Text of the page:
I hate to keep hitting the same topic over and over again. I know I blogged about the Lake Yankton renovation a couple times in recent weeks (Lake Yankton Renovation , Lake Yankton Renovation, Postscript), but I want to tell you about another rotenone renovation that Nebraska fisheries biologists completed recently.
Late summer and early fall is definitely “renovation season”. Typically, water levels are lower at that time of year and less water means we need less rotenone to treat the volume of water. Less water also means we have a better chance of eliminating most, if not all, of the undesirable fish. This time of year is also good to do rotenone renovations because it is a little cooler, and it is before our field biologists start the bulk of their annual fish population sampling. The week before the Lake Yankton rotenone renovation, Rat & Beaver lakes in the middle of the Nebraska sandhills also had a complete rotenone renovation. Rat & Beaver are two interconnected lakes just south of the Valentine National Wildlife Refuge.
The reason for the Rat & Beaver renovation was the same as the Lake Yankton renovation–the fish community was dominated by less than desirable species like common carp and black bullhead. To put that in perspective, I want to blog about this topic again to share some numbers produced by a little extra research before, during and after the Rat & Beaver renovation. . . .
Nebraska’s sandhill lakes are very productive systems. They can produce a tremendous amount of aquatic vegetation and aquatic invertebrates (i.e. aquatic insects) and that can produce tremendous fisheries with lots of fast-growing and large fish. However, those sandhill lakes can also produce a tremendous amount of undesirable species of fish. As I have said before, ecosystems dominated by common carp tend to have poor water quality, poor habitat conditions and are a lot less favorable for sport fish. Sandhill lakes dominated by common carp are also a lot less productive for waterfowl. Water quality is relative, some waters naturally have cleaner and clearer water than others, but Rat & Beaver had clarity of about 9 inches and that was due mostly to the abundance of common carp. Common carp disturb bottom sediments with their feeding activity which means dirtier water and poorer habitat conditions.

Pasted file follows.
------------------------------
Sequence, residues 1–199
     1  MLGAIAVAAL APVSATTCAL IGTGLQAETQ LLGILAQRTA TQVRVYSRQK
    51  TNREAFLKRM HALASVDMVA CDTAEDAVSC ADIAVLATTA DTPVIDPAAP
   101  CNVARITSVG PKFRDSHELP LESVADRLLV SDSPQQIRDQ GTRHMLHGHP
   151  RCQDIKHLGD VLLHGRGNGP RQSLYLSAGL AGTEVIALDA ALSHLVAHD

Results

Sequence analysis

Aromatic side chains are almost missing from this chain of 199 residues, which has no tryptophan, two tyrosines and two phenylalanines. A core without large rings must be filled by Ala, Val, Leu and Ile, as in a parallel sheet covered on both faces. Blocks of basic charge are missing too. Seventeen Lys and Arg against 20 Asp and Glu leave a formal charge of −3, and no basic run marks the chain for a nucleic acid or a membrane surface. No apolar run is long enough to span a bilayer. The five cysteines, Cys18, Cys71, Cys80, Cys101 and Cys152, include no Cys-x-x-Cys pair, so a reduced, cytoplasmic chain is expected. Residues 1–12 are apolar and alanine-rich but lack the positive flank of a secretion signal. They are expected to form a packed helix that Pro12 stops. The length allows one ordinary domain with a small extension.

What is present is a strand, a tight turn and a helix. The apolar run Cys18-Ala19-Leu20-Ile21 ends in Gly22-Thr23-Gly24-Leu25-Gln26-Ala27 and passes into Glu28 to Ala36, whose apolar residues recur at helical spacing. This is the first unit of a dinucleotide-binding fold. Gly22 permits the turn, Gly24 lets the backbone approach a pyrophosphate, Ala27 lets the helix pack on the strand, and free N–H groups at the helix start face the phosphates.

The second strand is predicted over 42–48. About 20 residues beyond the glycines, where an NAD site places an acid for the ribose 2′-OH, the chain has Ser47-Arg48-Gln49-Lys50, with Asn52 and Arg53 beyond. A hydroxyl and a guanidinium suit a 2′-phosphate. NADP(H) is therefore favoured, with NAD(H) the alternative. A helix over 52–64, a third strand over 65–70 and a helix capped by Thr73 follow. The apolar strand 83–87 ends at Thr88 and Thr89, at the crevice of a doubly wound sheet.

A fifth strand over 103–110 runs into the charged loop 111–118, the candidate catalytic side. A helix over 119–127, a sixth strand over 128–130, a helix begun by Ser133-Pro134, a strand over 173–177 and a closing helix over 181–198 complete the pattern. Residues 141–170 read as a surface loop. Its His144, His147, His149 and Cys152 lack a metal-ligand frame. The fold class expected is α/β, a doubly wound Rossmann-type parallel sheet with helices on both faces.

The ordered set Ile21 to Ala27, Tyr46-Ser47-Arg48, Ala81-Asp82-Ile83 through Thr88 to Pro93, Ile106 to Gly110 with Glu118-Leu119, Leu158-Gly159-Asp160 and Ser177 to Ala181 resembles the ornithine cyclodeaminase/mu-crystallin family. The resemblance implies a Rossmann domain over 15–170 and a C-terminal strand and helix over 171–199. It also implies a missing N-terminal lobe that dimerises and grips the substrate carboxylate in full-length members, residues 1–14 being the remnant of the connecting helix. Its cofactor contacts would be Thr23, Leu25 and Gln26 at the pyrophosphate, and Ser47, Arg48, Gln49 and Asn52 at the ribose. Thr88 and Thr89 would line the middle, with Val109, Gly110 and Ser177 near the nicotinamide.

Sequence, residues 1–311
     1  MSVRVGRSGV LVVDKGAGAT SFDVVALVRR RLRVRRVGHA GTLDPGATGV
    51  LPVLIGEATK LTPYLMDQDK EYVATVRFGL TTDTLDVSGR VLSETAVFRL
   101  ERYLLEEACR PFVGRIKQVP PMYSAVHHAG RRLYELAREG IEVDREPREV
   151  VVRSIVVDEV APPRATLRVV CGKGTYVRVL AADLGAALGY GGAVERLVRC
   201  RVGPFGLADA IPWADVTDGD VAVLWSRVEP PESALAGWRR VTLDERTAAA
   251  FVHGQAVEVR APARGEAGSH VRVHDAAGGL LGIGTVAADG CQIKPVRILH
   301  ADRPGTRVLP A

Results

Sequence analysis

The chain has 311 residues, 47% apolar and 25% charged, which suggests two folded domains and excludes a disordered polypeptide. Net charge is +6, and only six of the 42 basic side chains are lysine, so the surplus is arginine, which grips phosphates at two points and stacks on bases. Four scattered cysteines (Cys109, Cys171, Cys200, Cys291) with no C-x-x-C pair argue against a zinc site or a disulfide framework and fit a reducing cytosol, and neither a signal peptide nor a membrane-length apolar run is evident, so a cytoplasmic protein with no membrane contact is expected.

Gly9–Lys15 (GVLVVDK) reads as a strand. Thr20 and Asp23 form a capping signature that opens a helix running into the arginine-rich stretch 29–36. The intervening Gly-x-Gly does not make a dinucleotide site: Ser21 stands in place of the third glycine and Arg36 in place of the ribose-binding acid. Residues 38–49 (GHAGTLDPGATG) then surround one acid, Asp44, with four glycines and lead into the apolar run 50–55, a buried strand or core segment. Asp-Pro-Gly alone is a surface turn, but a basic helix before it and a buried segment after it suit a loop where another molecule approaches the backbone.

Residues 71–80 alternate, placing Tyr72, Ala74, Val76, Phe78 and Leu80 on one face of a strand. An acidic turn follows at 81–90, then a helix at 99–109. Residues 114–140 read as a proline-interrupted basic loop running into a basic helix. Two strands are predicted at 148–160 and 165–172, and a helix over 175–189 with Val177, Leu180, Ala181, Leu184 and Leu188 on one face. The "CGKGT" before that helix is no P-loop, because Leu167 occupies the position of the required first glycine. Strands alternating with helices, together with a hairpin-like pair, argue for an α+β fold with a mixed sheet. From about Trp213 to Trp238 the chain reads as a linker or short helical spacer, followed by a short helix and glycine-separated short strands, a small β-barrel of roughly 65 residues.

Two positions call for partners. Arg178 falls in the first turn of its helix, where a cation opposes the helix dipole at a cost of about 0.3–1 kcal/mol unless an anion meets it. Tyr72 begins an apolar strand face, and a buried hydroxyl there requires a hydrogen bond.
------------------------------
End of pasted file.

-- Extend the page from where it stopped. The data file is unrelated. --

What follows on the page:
How many common carp were there in Rat & Beaver? How about 390 tons worth, 291,000 adult carp. That works out to a whopping 607 carp per acre, 1,630 lbs./acre. That is a lot of carp, in fact, one of the highest densities of common carp ever recorded, anywhere.
Almost all of those common carp were 15-22 inches in length. Rat & Beaver have produced some really good yellow perch and black crappie fishing over the years, but in recent years it was pretty much almost entirely common carp. There were so many carp in Rat & Beaver that a person could go there and expect to even catch them through the ice!
Common carp through the ice is a little unusual and yes, lots of fun, but most folks would much rather catch species like yellow perch and black crappies. Rat & Beaver’s fish community was dominated by common carp.
How dominant were the common carp? After the rotenone was applied, 62% of the fish found dead were common carp. Another 31% were black bullheads. At the time of the renovation, only 6% of the fish community was comprised of yellow perch and a grand total of only 30 black crappie were observed washed up on shorelines.
By weight, the Rat & Beaver fish biomass was 94% common carp, 5% black bullhead and less than 1% sport fish!
Again, it is amazing how dominant rough fish like common carp can be in a fish community and how detrimental that is to water quality, aquatic habitat and other species. Once again the Rat & Beaver ecosystem, fishery, and fishing will be much better in a few short years. I will bet that the water transparency is more than 9 inches right now.
Let me finish with a few more pictures of the Rat & Beaver renovation. Projects such as this are a major effort, but they are worth it!